Mirror, mirror on the wall, who cares who you think is the fairest of them all?
Me, I do. Over here. Yes, me.
On a basic level, mirrors are good for tasks like applying a red lip or getting a piece of spinach out of your teeth. But a mirror can also have a negative impact on your mental health and self-confidence. I am, unfortunately, all too familiar with that.
Sometimes, I can glance at myself in the mirror and go about my day, but other times, it’s a hard stop, and I begin to obsess over the way I look.
That's why I launched an experiment: no mirrors for a week. What would happen to my self-confidence if I stopped checking out my face so much?
The idea was sparked back in April, when Sarah Silverman was a guest on TODAY, where I work, and revealed her therapist recommended that she stop looking in the mirror.
“I think we all cognitively distort what we see," Silverman told Hoda and Jenna. "Even when I do look in the mirror, I make myself in my head like 20% prettier."
My therapist, Kelly Seekins, a licensed clinical social worker, echoed the notion that avoiding a mirror is a "genius" way to figure out how you're feeling outside of worrying what you look like, which can distort your self-perception.
“Mirror reflections can be deceiving … views of yourself can be distorted,” Seekins said. "The way that you look isn’t how you look to other people."
Figuring out the rules
The day before my week-long experiment began, I announced what I was doing on social media. The concept grabbed people's attention, and they had a lot of questions. It was up to me to set fair boundaries while being realistic, so here's what I came up with:
- Avoid looking in mirrors whenever you possibly can, even when washing your hands or doing your makeup.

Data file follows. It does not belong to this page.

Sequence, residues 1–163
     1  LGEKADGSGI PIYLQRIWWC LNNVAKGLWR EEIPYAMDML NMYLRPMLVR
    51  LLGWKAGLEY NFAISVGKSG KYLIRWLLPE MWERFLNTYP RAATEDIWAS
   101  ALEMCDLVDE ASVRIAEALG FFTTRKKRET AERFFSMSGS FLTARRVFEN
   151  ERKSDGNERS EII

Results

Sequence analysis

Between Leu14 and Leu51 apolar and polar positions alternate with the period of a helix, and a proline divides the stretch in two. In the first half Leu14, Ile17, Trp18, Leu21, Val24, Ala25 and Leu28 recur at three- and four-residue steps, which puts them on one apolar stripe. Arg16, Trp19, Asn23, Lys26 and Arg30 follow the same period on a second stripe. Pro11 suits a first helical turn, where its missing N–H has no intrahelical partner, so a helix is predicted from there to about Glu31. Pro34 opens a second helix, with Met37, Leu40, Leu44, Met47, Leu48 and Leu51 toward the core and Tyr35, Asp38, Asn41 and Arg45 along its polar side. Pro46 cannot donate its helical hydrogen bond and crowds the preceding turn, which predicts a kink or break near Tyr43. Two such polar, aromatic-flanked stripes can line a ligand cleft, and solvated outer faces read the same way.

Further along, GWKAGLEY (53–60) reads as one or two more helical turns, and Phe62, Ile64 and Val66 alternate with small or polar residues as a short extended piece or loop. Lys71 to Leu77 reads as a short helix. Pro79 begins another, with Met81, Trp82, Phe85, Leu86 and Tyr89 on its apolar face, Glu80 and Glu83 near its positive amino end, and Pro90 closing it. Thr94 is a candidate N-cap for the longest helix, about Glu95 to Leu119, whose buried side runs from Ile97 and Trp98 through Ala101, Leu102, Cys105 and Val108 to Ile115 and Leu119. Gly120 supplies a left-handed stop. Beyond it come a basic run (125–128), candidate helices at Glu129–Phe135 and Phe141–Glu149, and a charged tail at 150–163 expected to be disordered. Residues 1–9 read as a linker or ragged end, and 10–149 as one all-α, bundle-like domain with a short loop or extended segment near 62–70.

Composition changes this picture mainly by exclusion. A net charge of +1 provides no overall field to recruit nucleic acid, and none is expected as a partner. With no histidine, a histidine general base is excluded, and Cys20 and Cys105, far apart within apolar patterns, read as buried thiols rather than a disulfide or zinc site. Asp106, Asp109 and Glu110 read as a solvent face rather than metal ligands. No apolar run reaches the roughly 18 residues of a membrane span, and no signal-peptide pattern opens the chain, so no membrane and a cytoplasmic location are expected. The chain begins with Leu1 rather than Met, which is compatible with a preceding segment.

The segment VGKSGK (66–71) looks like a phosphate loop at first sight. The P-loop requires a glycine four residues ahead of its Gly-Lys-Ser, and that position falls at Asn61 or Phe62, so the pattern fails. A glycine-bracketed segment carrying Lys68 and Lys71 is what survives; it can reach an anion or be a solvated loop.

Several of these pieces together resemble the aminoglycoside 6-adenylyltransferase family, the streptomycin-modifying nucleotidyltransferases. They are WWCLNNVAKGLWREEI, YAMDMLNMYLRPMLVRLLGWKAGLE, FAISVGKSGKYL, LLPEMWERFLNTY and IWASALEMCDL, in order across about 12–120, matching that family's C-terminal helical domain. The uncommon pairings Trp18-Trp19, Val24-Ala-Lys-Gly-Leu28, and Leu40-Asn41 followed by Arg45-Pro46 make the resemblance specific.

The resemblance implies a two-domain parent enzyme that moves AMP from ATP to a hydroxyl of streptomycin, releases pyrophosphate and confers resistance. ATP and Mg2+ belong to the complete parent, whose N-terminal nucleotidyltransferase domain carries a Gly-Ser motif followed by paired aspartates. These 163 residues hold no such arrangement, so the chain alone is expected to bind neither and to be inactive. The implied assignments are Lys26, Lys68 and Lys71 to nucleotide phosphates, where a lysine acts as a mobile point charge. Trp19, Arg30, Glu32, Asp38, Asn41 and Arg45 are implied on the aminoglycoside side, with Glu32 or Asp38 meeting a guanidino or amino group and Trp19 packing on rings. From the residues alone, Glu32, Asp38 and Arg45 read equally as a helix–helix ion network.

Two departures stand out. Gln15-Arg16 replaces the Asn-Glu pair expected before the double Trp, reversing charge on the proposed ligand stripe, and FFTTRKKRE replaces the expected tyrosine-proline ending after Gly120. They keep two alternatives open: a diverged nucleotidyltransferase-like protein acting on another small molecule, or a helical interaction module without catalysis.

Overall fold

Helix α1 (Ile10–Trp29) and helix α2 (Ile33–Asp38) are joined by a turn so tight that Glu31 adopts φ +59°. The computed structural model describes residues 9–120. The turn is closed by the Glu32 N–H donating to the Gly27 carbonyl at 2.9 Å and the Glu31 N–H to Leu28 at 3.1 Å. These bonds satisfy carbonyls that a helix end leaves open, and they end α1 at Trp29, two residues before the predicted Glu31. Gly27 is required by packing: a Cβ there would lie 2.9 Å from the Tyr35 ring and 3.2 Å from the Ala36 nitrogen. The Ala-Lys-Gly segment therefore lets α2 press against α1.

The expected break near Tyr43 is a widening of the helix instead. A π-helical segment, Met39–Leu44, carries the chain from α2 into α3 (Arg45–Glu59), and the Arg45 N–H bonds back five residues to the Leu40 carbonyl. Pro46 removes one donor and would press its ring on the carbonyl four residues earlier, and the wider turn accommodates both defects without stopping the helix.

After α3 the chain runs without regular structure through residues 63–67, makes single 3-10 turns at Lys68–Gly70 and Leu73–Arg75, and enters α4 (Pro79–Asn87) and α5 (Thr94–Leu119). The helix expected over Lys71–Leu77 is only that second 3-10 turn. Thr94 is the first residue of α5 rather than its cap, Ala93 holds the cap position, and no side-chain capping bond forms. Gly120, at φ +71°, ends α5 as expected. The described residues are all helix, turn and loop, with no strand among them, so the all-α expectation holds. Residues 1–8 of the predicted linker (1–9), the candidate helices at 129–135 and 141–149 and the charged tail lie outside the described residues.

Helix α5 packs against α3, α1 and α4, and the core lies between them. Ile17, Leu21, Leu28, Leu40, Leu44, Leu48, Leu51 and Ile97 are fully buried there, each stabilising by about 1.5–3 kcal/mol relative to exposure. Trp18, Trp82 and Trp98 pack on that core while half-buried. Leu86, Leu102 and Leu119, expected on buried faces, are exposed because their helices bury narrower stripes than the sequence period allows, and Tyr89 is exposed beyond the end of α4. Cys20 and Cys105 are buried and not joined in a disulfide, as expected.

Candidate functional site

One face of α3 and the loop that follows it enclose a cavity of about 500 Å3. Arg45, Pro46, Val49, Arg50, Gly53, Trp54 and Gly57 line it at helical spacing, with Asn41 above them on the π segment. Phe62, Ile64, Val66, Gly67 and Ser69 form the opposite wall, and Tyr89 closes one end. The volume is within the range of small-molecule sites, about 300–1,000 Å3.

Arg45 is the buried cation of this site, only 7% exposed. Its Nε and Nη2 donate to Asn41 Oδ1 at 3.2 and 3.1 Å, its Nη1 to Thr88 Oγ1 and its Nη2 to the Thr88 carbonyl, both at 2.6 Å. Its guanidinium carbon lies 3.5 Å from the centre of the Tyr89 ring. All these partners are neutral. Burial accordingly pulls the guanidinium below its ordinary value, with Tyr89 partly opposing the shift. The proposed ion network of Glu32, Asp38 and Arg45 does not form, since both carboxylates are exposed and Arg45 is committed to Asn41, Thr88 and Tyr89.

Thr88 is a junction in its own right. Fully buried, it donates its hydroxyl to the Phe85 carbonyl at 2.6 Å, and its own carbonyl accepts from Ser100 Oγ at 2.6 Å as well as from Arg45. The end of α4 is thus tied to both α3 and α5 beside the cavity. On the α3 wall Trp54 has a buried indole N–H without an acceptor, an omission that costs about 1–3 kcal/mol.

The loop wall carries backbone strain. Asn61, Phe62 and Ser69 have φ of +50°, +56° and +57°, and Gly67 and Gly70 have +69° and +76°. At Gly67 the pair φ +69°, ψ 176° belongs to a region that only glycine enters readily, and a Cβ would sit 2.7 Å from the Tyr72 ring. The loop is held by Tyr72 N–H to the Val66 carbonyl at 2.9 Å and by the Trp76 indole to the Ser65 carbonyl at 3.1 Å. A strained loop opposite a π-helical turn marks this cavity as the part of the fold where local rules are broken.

- It is OK to look at your outfit (as long as you cover up your face with your hands/avoid looking for any other reason than to see if your clothes match).
- No using your phone/laptop camera to see what you look like.
- When it comes to outings with friends, it's OK to take photos, but you cannot look at the photos immediately afterward or ask for any redos.
The goal of this experiment was not only to see how I felt after not looking at myself in the mirror for a period of time, but also to set the process up for longevity.
The ups and downs of my experiment
I can sum up the first night with one word: oops. Walking into the bathroom and not looking in the mirror while I brushed my teeth or moisturized my face was extremely unnatural, and I had a few slipups right away. But I also started asking myself: Why do I stare at myself when doing these things that, for the most part, I don't have to see myself to complete?
The first of many realizations.
I work from home, so my biggest challenge during the day was going to the bathroom without glancing at myself before settling back into my desk.
Leaving the house was a different story.
One night I was getting ready for dinner with my best friend. To my delight, the process of picking out what to wear suddenly became simplified. I thought to myself, "If I can't see how I look anyway, might as well pick something I know I like!"
I settled on a nude-colored bodysuit with a pair of jean shorts and a light brown jacket. I entered the bathroom and covered my face with my hands, peeked through my fingers so I wouldn't see my face, and once I saw the outfit, my mind suddenly dipped into doubt.
I convinced myself to change, change again, and then I took a deep breath. I went back to my first outfit and told myself that if I hadn't checked the mirror, I would have already been out the door. So, without checking again, I left.
On the train, I opened my makeup bag. I don't wear much makeup, so applying without a compact mirror wasn't a big deal. But while putting on mascara, I noticed a woman on the train staring at me, probably waiting in suspense to see if I would poke myself in my eye. (I didn't — turns out I'm a pro at this.)